NEW YORK (CBSNewYork) — A new advance could improve the chances of having a baby through in vitro fertilization.
It involves testing embryos and implanting those that are considered at least partially genetically abnormal.
In 2015, Mary Jo and Shane Dunn lost their only child, Luke, to a rare cancer at 17 months old. They decided to try for another child through IVF. But after two years, six egg retrievals and $70,000, their hopes of a child came down to two remaining embryos that most clinics would not have implanted because, according to the Dunns, “scientifically they weren’t perfect.”
That led to normal twin girls, Riley and Kelsey.
The embryo testing the Dunns opted for is called PGS, preimplantation genetic screening. It takes a biopsy of a few cells from the embryo to determine if it is chromosomally healthy. It’s then classified as normal or abnormal.
Recent advances in this screening make it possible to detect when an embryo has a mix of normal and abnormal cells, called “mosaic” embryos. The twins grew from mosaic embryos.
Doctors believe, in some cases, those abnormal cells can self-correct or be expelled from the embryo. But it’s impossible to know if that will actually happen in any given embryo.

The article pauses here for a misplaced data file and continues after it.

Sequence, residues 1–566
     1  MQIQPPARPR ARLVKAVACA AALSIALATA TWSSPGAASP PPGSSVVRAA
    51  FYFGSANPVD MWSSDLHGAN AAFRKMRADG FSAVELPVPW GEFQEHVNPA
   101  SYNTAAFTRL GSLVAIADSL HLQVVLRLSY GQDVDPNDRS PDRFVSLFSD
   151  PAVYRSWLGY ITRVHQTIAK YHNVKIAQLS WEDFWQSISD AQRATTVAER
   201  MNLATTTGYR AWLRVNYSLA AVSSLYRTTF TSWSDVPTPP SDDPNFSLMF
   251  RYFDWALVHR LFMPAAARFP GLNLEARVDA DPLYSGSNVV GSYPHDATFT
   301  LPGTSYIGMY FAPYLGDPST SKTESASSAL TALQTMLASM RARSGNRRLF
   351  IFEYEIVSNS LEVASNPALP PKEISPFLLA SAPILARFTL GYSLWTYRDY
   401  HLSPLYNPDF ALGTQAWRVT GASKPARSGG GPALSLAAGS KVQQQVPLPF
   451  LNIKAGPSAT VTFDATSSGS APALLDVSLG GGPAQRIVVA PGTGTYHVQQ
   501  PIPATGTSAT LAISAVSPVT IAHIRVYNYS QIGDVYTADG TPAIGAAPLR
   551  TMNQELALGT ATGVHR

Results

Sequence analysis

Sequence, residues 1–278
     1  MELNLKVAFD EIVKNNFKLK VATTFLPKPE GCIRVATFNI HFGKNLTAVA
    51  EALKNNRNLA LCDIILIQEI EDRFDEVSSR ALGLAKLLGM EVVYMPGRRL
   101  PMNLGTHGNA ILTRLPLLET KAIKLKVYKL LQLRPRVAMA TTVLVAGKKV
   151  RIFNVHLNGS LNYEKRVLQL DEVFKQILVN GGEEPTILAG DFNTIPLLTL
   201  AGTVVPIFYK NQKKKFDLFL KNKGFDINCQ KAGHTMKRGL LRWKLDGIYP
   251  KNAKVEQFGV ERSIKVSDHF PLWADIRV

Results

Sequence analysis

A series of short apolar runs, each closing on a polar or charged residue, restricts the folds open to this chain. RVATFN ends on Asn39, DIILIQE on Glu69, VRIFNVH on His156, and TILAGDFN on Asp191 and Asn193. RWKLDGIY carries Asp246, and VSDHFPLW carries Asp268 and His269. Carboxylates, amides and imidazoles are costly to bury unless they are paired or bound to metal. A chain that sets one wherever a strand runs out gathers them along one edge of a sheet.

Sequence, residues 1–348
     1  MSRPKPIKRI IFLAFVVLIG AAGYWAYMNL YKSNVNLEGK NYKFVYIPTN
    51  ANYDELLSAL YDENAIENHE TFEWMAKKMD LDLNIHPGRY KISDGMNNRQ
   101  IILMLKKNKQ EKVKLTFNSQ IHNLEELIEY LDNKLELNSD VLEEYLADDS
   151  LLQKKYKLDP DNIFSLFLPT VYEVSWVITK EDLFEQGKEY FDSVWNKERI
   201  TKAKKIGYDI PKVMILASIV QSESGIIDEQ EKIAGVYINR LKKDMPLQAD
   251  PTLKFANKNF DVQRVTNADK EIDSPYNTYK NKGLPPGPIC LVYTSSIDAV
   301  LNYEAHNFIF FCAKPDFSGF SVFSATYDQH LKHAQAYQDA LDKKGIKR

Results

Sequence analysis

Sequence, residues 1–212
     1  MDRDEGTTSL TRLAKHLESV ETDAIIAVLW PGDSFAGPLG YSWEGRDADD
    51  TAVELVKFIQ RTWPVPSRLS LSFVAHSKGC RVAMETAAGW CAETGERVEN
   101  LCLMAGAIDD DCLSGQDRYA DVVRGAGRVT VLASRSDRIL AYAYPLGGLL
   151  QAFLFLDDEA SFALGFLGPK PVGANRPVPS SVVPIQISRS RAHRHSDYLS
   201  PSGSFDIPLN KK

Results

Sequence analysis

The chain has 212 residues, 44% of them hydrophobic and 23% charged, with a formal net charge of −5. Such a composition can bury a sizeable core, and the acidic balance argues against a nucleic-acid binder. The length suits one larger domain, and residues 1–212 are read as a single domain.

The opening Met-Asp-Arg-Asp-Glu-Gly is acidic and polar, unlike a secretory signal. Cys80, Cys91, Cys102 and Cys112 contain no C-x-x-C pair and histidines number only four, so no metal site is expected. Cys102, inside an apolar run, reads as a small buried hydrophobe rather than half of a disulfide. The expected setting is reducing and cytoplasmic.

“Mosaic embryos can either fail to implant and you could miscarry, you could have a child with birth defects, or you could have a perfectly healthy baby,” says Mary Jo and Shane Dunn.
Mosaic embryos do carry a higher risk of failure to implant and of miscarriage. Although according to one study, the higher the number of chromosomally abnormal cells in a mosaic embryo, the lower the birth rate.
Whether to transfer mosaic embryos using IVF is spurring debate among fertility experts.
“We have to learn which ones are more likely to make the baby and which ones are less likely,” said Dr. Jamie Grifo, director of the Fertility Center at NYU Langone Medical Center.
“We don’t have the full answer to the question of what is the probability that a mosaic embryo will be an affected baby or a healthy baby,” said Dr. Mandy Katz-Jaffe, scientific director at the Colorado Center for Reproductive Medicine.
For the Dunns, mosaic embryos were worth the risk.
Most PGS labs do not test for mosaic cells, they just report whether an embryo is normal or abnormal.
Ethicists also question whether infertile couples, desperate to have a baby, can fully appreciate the risk that a mosaic embryo could produce a baby with significant birth defects.
A committee of the American society for reproductive medicine found earlier this year that they didn’t have enough information to form an opinion on what percentage of normal cells is needed for an embryo to be recommended for use.